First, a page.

Nick originally does not believe the story, but later becomes persuaded that it is literally true, and that Dazaar is able to possess not one person only, but seven prominent New York socialites. Nick’s Japanese assistant, Ten-Ichi, the son of the Mikado, reveals to the detective that he has met Dazaar in Japan. Dazaar is a century-old Tibetan Ascended Master, who has been expelled by the Great White Lodge and has created a powerful organization, controlling inter alia all of the world Satanist lodges, and aimed at dominating the whole world. It takes several weeks, and horrible tortures by Dazaar’s Tibetan acolytes and possessed socialites, before Nick discovers that only six of the seven New Yorkers are innocent citizens unwittingly possessed by Dazaar. The seventh, Irma Plavatsky herself, has lied to the detective and is Dazaar in his most permanent incarnation. Irma/Dazaar is captured, brought to trial, and sentenced to death. She dies in jail before being executed, vowing that her posthumous vendetta will kill Nick’s wife, Ethel. The latter is in fact killed several weeks later, apparently by a hit man connected to organized crime. Nick however discovers that the killer has been paid by Dazaar, who has only faked her death and is alive, well and living in a luxurious Manhattan hotel.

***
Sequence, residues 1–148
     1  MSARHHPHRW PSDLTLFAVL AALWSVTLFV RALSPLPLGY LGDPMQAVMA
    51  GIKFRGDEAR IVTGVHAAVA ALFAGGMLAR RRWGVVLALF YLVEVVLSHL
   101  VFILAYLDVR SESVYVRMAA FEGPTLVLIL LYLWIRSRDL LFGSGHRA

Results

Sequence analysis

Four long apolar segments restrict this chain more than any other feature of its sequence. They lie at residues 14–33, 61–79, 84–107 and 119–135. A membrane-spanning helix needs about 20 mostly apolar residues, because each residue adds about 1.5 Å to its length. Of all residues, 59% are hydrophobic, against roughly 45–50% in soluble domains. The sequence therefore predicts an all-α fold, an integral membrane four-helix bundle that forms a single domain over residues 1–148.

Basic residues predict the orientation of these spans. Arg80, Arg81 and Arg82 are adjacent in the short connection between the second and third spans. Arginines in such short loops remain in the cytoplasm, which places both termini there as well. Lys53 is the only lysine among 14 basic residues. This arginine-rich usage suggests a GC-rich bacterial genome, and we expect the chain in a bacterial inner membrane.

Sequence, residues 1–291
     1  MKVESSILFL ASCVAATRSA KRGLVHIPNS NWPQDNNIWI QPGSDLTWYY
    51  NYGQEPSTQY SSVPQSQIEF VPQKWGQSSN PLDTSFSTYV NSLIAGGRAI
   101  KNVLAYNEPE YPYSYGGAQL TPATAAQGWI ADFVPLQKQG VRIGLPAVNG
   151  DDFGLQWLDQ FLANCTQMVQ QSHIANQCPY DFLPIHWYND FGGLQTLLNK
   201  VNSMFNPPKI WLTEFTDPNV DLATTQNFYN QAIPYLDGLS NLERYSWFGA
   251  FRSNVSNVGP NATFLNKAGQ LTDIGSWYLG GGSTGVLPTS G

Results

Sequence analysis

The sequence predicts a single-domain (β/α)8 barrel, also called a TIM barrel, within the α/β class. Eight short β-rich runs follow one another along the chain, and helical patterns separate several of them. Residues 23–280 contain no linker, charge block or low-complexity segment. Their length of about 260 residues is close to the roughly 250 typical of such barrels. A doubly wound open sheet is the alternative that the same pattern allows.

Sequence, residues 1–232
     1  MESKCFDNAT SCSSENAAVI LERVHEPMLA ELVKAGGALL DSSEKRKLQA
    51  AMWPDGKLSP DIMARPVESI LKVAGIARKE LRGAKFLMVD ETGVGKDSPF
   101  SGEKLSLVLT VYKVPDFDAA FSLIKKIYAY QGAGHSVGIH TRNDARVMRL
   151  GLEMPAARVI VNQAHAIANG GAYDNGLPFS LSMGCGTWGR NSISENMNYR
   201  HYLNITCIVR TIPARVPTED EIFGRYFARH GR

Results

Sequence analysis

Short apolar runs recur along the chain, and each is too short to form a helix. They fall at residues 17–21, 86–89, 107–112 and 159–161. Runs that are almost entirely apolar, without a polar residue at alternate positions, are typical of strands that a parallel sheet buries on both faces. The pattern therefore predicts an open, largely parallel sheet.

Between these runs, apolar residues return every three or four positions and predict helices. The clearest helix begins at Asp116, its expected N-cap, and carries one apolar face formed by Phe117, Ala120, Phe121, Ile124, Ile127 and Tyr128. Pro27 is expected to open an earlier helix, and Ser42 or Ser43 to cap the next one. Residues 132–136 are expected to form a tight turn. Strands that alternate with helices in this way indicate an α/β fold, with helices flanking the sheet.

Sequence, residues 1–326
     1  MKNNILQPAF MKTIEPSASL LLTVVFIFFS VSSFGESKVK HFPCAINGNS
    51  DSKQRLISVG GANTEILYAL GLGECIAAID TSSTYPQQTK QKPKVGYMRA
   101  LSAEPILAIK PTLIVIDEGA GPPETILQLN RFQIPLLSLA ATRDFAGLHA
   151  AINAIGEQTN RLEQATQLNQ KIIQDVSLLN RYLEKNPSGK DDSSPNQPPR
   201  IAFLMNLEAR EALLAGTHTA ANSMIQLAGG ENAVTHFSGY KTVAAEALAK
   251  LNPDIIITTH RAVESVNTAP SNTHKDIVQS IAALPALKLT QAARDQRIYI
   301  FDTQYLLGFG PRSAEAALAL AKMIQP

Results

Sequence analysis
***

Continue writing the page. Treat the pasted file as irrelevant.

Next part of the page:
As the story further unfolds, we learn that members of the Great White Lodge, when old, magically exchange their souls with those of young men, thus in fact implanting their old soul, completed with powers and memories, in a new body, while the poor young men acquire the body of the decrepit magicians and quickly die (the possibility of this “Avataric magic,” or exchange of bodies and souls, was seriously discussed in Rosicrucian circles at that time.) White Lodge members had however always used male bodies. Dazaar is the first Master who has decided to try a female body, thus violating White Lodge rules and being sanctioned with the expulsion. His experiment has created in the otherwise omnipotent Master a crucial weakness, the potential for human love. In fact, Dazaar as Irma Plavatsky is in love with Nick Carter and, when she discovers that the recently widowed detective is dating his attractive neighbour Cora Tempest, not only does she abducts Cora but vows to win Nick’s love or die. In order to save Cora, Nick consents to marry Irma in her new headquarters, the Palace of the Vampires. Nick, however, is a master of disguise and Irma in fact marries Chick Carter, Nick’s adopted son, disguised as the detective. In the last battle, a furious but exhausted Irma shots herself, out of love for Nick and wishing, as she says in her last words as reported in the New Nick Carter Weekly no, 396 of September 30, 1904, to deliver him forever from the only enemy he could never have defeated through merely human means.